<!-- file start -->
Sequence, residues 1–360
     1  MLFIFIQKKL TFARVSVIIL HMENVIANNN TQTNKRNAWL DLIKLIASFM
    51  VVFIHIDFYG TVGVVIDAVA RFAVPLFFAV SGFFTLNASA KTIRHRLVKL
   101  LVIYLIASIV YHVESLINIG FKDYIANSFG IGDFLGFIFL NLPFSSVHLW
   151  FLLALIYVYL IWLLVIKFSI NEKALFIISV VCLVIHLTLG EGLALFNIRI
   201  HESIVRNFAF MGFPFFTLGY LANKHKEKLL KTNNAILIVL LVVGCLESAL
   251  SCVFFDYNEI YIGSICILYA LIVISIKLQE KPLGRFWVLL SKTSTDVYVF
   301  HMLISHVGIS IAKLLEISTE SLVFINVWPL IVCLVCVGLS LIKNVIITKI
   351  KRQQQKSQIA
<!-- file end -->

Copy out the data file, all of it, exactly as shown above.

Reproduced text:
Sequence, residues 1–360
     1  MLFIFIQKKL TFARVSVIIL HMENVIANNN TQTNKRNAWL DLIKLIASFM
    51  VVFIHIDFYG TVGVVIDAVA RFAVPLFFAV SGFFTLNASA KTIRHRLVKL
   101  LVIYLIASIV YHVESLINIG FKDYIANSFG IGDFLGFIFL NLPFSSVHLW
   151  FLLALIYVYL IWLLVIKFSI NEKALFIISV VCLVIHLTLG EGLALFNIRI
   201  HESIVRNFAF MGFPFFTLGY LANKHKEKLL KTNNAILIVL LVVGCLESAL
   251  SCVFFDYNEI YIGSICILYA LIVISIKLQE KPLGRFWVLL SKTSTDVYVF
   301  HMLISHVGIS IAKLLEISTE SLVFINVWPL IVCLVCVGLS LIKNVIITKI
   351  KRQQQKSQIA